EPA’s latest unlawful assault on vehicle affordability and choice

Photo Credit: Getty

The Environmental Protection Agency (EPA) today announced final emission standards for passenger cars, light-duty trucks, and medium-duty vehicles for model years 2027 through 2032 and later. The pre-Federal Register draft of the rule, all 1,181 glorious pages, is available here. The rule sets standards for both conventional air pollutants and greenhouse gases (GHGs).

The EPA’s press release crows that the rule will “expand consumer choice in clean vehicles.” That’s a little like saying prohibiting the sale of alcoholic beverages will expand consumer choice in soft drinks.

The fact is, the EPA is waging war on vehicle affordability and choice. As has often been said, truth is the first casualty in war. When the EPA proposed this rule in May 2023, it stated that, unlike California’s zero-emission vehicle (ZEV) sales mandate, “the GHG program in this proposal is performance-based and not a ZEV mandate.” However, like the California program, the EPA program compels automakers to manufacture and sell increasing percentages of electric vehicles (EVs), only at a somewhat slower pace. It is a de facto EV mandate.

That is easily demonstrated. Toyota’s most fuel-efficient Prius hybrid, which is also the world’s top-selling hybrid, gets 57 miles to the gallon and emits 155 grams of carbon dioxide per mile (CO2/mi), according to fueleconomy.gov. Toyota also sells several other hybrids and non-hybrids with lower mileage and higher CO2 emission rates. But even if Toyota scrapped all those models, and just sold Priuses, the company’s fleet-average CO2 emissions per mile would still be more than double the standard that the EPA has set for model year 2032 passenger cars—73 grams of CO2/mile.

Figure Source: EPA

Clearly, automakers cannot comply with the EPA’s allegedly “technology-neutral” and performance-based GHG program without rapidly phasing out sales of gasoline- and diesel-powered vehicles, including fuel-efficient hybrids, and rapidly ramping up sales of EVs.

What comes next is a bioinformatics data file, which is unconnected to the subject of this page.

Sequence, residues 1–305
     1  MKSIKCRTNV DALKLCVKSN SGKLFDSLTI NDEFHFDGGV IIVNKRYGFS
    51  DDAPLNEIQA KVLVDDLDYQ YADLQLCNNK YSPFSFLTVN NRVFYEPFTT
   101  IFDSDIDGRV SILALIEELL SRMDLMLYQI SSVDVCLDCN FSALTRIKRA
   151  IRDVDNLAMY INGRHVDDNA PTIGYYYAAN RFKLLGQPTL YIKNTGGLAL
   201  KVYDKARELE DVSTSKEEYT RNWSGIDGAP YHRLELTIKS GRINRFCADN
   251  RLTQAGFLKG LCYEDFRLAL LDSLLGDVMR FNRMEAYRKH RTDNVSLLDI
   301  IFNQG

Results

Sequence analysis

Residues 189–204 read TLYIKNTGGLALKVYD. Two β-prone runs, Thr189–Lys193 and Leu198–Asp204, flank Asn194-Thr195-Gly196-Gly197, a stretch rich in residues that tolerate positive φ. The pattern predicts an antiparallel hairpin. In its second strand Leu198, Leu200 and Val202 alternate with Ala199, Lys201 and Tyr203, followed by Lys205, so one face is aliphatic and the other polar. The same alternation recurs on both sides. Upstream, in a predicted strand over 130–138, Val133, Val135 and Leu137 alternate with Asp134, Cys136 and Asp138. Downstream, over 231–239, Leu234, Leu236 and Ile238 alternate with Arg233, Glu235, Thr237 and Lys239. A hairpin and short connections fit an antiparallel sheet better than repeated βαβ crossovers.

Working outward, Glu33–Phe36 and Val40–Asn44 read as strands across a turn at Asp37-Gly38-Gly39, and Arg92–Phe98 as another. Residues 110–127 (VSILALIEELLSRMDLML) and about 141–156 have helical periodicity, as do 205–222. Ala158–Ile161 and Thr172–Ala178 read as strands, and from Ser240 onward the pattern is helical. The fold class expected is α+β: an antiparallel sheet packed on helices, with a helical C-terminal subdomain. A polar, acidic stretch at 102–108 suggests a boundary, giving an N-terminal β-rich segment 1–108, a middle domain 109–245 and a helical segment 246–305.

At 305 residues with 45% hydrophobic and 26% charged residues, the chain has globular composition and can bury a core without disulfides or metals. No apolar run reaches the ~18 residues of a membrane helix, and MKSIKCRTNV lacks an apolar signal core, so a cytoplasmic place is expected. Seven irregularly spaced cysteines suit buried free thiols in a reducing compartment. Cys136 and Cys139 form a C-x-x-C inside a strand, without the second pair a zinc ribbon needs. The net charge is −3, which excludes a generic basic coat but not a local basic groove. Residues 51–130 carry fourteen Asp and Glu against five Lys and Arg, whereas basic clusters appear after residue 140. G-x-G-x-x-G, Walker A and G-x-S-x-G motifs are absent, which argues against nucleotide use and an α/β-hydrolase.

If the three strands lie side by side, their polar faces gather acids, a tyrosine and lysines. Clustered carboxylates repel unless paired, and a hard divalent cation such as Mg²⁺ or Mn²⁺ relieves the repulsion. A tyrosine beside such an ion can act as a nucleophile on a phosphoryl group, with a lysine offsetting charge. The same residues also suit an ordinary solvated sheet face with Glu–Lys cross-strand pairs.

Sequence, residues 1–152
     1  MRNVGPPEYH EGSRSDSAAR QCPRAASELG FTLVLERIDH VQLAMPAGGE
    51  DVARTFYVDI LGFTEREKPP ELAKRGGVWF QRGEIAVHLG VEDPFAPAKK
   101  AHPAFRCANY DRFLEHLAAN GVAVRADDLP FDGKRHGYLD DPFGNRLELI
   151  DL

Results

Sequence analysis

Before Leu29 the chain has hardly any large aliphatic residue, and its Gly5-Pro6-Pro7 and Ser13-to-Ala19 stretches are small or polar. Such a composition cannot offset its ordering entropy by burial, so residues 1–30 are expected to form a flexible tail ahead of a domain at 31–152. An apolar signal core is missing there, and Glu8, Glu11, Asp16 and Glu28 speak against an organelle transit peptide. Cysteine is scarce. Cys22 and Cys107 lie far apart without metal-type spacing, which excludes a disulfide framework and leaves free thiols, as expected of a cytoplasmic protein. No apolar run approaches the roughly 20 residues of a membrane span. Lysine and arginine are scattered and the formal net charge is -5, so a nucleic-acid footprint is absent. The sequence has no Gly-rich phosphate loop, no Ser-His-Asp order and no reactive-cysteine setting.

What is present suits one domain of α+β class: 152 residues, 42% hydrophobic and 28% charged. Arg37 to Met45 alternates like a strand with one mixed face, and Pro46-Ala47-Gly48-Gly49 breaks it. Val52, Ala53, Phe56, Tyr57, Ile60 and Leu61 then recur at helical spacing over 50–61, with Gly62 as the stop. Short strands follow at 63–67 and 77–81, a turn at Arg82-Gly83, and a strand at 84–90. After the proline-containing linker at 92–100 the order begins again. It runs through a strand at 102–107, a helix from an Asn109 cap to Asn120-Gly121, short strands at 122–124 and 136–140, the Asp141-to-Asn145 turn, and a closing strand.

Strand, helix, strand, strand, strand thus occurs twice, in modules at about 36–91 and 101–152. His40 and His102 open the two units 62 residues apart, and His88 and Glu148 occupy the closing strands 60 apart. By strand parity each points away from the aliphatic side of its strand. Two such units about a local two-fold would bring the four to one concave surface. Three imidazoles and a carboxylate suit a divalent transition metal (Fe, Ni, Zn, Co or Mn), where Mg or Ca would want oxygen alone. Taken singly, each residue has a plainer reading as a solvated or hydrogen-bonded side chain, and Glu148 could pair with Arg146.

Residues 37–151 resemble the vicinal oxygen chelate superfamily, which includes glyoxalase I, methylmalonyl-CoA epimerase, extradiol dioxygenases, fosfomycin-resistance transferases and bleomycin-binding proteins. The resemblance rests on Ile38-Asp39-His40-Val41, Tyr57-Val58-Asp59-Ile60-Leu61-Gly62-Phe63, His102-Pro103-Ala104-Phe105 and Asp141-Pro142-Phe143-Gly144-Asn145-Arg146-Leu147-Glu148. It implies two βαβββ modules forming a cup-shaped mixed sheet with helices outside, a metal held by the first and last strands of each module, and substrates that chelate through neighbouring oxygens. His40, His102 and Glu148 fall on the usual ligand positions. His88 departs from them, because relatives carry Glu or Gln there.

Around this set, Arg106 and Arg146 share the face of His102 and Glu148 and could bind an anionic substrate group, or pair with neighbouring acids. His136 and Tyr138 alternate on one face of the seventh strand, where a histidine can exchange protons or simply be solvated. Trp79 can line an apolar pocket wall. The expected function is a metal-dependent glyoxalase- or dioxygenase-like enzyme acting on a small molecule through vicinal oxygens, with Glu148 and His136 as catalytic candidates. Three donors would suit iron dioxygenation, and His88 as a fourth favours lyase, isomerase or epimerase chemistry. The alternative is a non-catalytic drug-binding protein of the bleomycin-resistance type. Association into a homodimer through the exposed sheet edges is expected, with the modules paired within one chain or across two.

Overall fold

EVs have several well-known drawbacks compared to comparable internal combustion engine cars. EVs cost more. They have inferior range. Recharging an EV takes much longer than filling up a gas tank. There are far fewer recharging stations than gas stations.

Due to those and other issues, unsold EVs are piling up on dealer lots. In November 2023, 4,000 auto dealers urged President Biden to “tap the brakes” on his vehicle electrification agenda. Despite “deep price cuts, manufacturer incentives, and generous government incentives,” the dealers noted, EVs “are not selling nearly as fast as they are arriving at our dealerships.” “With each passing day,” they stated, “it becomes more apparent that this attempted electric vehicle mandate is unrealistic based on current and forecasted customer demand.”

As if that were not bad enough, Ford Motor Company lost $4.7 billion on its EV program in 2023. As energy analyst Robert Bryce reports, that means Ford lost $64,731 for every EV it sold.

It is no wonder then, that the EPA decided to relax somewhat the tailpipe CO2 standards for model year 2027-2030 vehicles. But in 2032 the standards for passenger cars still end up at 73 grams CO2/mi, and the standards for light-trucks and combined fleet (passenger cars + light trucks) are virtually identical to the standards in the EPA’s May 2023 proposed rule.

Proposed vs. Final tailpipe GHG standards

                                     Cars                                  Trucks                          Combined

                      Proposed     Final            Proposed     Final           Proposed      Final

Data Source: EPA (numbers refer to grams of CO2/mi)

Although slightly less stringent than the proposed standards, the final standards drive approximately the same level of vehicle electrification.

Figure Source: EPA. ICE means internal combustion engine. HEV means hybrid electric vehicle. PHEV means plug-in hybrid electric vehicle. BEV means battery electric vehicle. In EPA parlance, BEVs and PHEVs are both “electrified vehicles” or plug-in electric vehicles (PEVs).

“The moral of the story,” my colleague Daren Bakst observes, “is that almost 70 percent of new cars and light trucks will be plug-in electric vehicles, and less than 30 percent of new light-duty sales will be internal combustion engine vehicles.”

The good news is that, legally, the EPA is cruising for a bruising. The final rule flagrantly flouts the Supreme Court’s ruling in West Virginia v. EPA (2022), which vacated the agency’s so-called Clean Power Plan. Whether gasoline- and diesel-powered cars should be banned is a major question of national policy. Whether the EPA should wield the powers of an industrial policy czar for the automotive sector is a major question of national policy. Neither Section 202 of the Clean Air Act nor any other provision of law expressly authorizes the EPA to phase out internal combustion engine vehicle sales or restructure the automotive sector. The EPA’s rule is unlawful and merits prompt review by the Supreme Court.